Breed Basic Information
- Lifespan: 10 - 13 years
- Height: 15 - 21 inches
- Weight: 45 - 65 pounds
Medical Conditions Seen
- Otitis Externa
- Cushing's Disease
- Diabetes Mellitus
- Addison's Disease
- Von Willebrand's Disease
- Gastric Dilation and Volvulus
- Progressive Retinal Atrophy
- Sebaceous Adenitis
- Joggin Partner
- Lap Dog
- Good with Children
- Warm Weather
- Cold Weather
- Grooming Requirements
- Ease of Training
- The standard poodle is the original version of the poodle. It probably descended from the Barbet, a curly-coated dog found in France, Russia, Hungary, Germany and elsewhere in Europe.
- The German version of the Barbet became the dog we now know as the Poodle.
- The original poodle was a water dog known for its retrieving abilities. In fact, the word "poodle" comes from the German word "pfudel," which means "puddle" or "to splash," a reference to the poodle's ability as a water retriever.
- In France, the poodle was known as the caniche or chien canard, both names in reference to its duck-hunting ability.
- The poodle later worked as a circus performer, military dog, guard dog and guide dog.
- The poodle's hair cut originated as a working clip for retrieving in cold water. The hair was cropped close to cut down on its weight and drag, but left longer over the head and chest for warmth. Although it's often claimed the hair was left longer on the joints and tail tip for warmth and protection, evidence suggest that the style arose later, as decoration when the poodle became a performing circus dog. Regardless, the clip became more accentuated over time.
- The French aristocracy became enamored with the poodle and adopted it as its own. It eventually became the national dog of France.
- The AKC recognized the poodle in 1887. Only later did they split the breed into three varieties according to size.
- After a period in the 1920s during which they almost vanished from the American scene, poodles staged a comeback in the 1930s.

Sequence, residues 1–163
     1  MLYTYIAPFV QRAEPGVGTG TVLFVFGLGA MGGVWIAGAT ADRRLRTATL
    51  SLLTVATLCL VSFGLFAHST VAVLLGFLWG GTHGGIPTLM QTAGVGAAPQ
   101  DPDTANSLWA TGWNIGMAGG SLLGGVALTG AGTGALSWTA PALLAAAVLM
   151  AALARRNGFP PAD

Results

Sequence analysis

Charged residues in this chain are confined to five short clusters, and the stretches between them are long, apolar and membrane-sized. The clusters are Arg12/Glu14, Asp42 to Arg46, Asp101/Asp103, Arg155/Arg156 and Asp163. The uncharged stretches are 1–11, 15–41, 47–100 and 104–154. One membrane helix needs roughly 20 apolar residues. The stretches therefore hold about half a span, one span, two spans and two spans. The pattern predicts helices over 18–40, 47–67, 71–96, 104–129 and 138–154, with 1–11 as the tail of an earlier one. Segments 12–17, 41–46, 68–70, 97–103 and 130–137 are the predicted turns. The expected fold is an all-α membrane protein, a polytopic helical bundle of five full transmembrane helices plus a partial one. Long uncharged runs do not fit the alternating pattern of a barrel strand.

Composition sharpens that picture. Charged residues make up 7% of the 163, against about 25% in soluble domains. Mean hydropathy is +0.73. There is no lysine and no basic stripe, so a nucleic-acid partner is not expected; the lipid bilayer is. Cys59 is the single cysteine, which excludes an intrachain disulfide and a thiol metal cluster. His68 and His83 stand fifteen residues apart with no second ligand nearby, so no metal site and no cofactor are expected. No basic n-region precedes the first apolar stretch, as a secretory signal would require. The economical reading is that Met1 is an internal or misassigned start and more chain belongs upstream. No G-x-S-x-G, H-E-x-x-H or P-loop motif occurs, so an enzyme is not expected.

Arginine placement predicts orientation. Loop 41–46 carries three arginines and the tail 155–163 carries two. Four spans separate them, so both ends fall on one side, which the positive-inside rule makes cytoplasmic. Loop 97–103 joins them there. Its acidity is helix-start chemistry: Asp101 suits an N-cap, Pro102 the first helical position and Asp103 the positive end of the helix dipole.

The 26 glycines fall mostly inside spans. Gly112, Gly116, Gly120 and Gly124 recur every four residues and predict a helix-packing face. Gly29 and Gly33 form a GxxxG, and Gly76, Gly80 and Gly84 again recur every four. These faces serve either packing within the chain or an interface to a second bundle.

- Poodles were the most popular breed in America from 1960 to 1982, the longest continuous run of any breed, although standards were not as popular as the other sizes.
- Makes a biddable and fun-loving companion.
- Playful and very good with children.
- Friendly to strangers, other dogs and other pets.
- Does best with reward-based training involving food, games or praise.
- Eager to please, bright and responsive, poodles are among the easiest of dogs to train.
- Excels at obedience and agility competitions, therapy dog work, and even contraband detection.
Suggested Excercise Needs
- Makes a calm yet alert housedog.
- A long walk or jog, or several vigorous games, every day will meet its exercise needs.
- Poodles have even been trained to pull a dog sled.
- Enjoys retrieving.
- Standard poodles do well in dog parks.
- Games and tricks provide needed mental exercise.
- Swimming is a favored exercise, but a full coat can weigh down a dog.
- Its thick coat provides some protection against cold weather, but it cannot withstand prolonged exposure unless exercising.
- Coat is curly, harsh and dense.
- Brushing and combing every other day is necessary to prevent matting.
- Most people have their dogs professionally clipped every six weeks.
- Most people opt for a sporting clip where the hair is fairly short all over.
- Originally, poodle's coats were corded, so they hung in long dreadlocks. This takes a lot of work and is difficult to wash, so the style has fallen out of favor.
- Shedding is below average.
- The eyes should be checked regularly for hair or lashes that may irritate their surface.
- Hair growing inside the ears may need to be plucked out or clipped.
- While no dog is non-allergenic, poodles seem to cause allergic reactions in fewer people.
Suggested Nutritional Needs
- Poodles tend to stay in good weight. The thick coat can sometimes obscure weight problems, so be sure to use your hands to feel.
- Adult dogs should be fed a balanced diet, with restricted calories if the dog starts to gain too much weight.
Did you know?
- Grapes and raisins are harmful to dogs.
- Some dog parasites are transferable to humans.
- Many common pet ailments may be detected early and prevented by visiting your veterinarian twice yearly - saving both time, money, and most importantly, ensuring the best quality of life for your dog.
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